Walking into the real jungle (not concrete one) on a sunny, breezy day feels wonderful, but it can also put you at risk if you are too absorbed in scenic nature. Tantalizing as it is, staying alert is not to be forgotten. Although hiking is conducive to health, it can also be dangerous to life – hill fire being one of the most common threats to hikers and Mother Nature alike.
A single spark can burn a forest
Wildfire spreads rapidly by wind and burns everything it touches to the ground. To avoid hill fire, the first thing to bear in mind is never to smoke in the wilderness – cigarette butts and ashes all too easily set the grass ablaze. In 1996, Hong Kong’s most notorious hill fire ever occurred in Pat Sin Leng, where two teachers and three students died while on a school picnic. An official post-disaster view found that the blaze was very likely caused by students smoking.
Dryness fuels a fire
Hong Kong’s autumn is mild and dry where the countryside is prone to bushfire. Before hitting on trails, remember to note the “Fire Danger Warning” of the day issued by the Hong Kong Observatory, a signal to classify the risk of hill fire into two levels – yellow and red (being the highest) – based on weather conditions. Other than online checking, warning boards are also mounted at the main entrances to country parks.
Wildfire due to negligence
Reports of hill fire are most frequent during Ching Ming and Chong Yeung Festivals (a.k.a. Double Ninth Festival) when tomb sweepers burn incense and paper offerings next to their ancestors’ hillside tombs. Having countryside barbeque without entirely extinguishing the flame before leaving is to blame for it too, so is burning weed or rubbish by hill villagers.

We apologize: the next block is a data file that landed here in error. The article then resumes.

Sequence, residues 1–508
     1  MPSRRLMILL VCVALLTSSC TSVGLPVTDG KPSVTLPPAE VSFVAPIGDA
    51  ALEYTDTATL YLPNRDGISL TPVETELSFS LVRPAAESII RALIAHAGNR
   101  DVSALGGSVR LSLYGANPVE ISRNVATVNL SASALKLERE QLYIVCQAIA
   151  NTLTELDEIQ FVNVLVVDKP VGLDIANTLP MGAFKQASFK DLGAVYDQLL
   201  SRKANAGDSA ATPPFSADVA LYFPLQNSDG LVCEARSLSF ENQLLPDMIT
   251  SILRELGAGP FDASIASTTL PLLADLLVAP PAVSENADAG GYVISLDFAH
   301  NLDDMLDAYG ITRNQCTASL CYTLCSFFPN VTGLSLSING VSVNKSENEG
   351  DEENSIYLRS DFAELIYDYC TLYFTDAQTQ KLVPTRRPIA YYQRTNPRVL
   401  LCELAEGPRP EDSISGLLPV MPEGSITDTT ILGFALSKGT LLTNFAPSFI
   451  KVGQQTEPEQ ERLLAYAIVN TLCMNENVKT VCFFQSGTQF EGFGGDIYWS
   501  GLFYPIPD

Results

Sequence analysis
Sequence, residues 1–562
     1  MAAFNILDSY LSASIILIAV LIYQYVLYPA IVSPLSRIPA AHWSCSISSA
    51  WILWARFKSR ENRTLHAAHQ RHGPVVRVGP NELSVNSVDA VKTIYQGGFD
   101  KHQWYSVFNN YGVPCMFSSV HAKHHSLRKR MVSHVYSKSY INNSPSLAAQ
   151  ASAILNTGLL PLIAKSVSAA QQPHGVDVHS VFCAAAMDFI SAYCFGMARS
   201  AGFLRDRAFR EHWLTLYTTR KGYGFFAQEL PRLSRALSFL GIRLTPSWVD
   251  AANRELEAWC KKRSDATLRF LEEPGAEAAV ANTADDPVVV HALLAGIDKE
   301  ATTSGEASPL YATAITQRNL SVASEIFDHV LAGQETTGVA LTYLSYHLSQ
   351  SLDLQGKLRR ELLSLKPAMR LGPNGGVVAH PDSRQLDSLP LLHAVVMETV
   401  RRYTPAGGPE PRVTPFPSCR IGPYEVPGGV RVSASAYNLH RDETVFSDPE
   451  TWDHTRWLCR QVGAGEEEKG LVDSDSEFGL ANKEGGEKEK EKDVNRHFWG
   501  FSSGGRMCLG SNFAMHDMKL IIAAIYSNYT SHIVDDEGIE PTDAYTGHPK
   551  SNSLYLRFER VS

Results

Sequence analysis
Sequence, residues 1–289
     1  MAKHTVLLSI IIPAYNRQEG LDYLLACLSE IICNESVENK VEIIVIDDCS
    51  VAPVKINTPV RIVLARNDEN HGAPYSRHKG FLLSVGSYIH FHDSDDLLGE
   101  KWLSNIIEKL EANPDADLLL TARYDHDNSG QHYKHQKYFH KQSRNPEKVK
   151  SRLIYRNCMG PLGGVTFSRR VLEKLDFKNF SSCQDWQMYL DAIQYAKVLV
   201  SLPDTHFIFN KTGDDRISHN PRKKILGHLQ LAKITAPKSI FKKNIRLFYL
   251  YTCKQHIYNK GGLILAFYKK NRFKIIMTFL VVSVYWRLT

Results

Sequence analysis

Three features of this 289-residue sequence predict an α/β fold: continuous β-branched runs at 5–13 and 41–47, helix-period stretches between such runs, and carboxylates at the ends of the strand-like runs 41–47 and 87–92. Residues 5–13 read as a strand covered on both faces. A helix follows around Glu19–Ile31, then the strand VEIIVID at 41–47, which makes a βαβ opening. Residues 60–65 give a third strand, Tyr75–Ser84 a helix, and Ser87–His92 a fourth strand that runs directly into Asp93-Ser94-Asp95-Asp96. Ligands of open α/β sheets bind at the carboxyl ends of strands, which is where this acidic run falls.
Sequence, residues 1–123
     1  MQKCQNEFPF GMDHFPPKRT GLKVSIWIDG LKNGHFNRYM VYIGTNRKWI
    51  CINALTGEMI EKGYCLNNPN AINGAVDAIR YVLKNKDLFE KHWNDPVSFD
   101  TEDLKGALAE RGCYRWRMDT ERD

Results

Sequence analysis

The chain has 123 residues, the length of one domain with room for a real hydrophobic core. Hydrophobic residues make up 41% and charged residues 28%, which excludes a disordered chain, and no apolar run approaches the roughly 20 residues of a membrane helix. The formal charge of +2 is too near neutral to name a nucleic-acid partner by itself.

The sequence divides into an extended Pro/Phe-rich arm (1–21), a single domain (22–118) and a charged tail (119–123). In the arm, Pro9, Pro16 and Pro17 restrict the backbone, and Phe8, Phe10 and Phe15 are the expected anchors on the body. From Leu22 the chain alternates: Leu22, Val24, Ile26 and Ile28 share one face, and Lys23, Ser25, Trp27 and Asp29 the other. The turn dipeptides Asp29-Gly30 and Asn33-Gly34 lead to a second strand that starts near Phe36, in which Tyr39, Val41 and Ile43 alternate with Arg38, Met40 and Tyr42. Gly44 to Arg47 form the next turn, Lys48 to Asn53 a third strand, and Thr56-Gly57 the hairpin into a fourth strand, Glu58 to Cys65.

In case of hill fire, what to do?
If, unfortunately, you smell the smoke or, worse, actually encounter a hill fire, keep calm to make sound judgment: take note of which way the fire spreads and then go the opposite laterally. Don’t walk into bush or go up hill. Try to cover up your body with wet clothing. Call the police after escaping to a safer place. Any well-signed track in the city will see a distance post every 500 metres apart, written with distance post number and grid coordinates. Tell the numbers to the rescue team so they can locate you easily. Even if where you are has no network coverage or your mobile has no SIM card, you are still able to dial up emergency call “999” or “112”.
Recent cases of severe hill fire in Hong Kong
2017 January – Sha Tin Siu Lek Yuen
A fire blazed brightly on a hill up Siu Lek Yuen, covering a burning area of several hundred square metres, and at one time spread close to Shui Chuen O Estate, Kwong Yuen Estate, Tate’s Cairn Tunnel Entrance and nearby villages. It took more than two days to put out the fire in a collaborative effort between firefighters and the Government Flying Service. Luckily, no casualties were found.
2017 January – Fo Tan Wong Chuk Yeung
Fanned by the wind, the fire developed quickly and spread close to power towers, fortunately not so close to residence. The 13-hour blaze ravaged 40,000 square metres of countryside.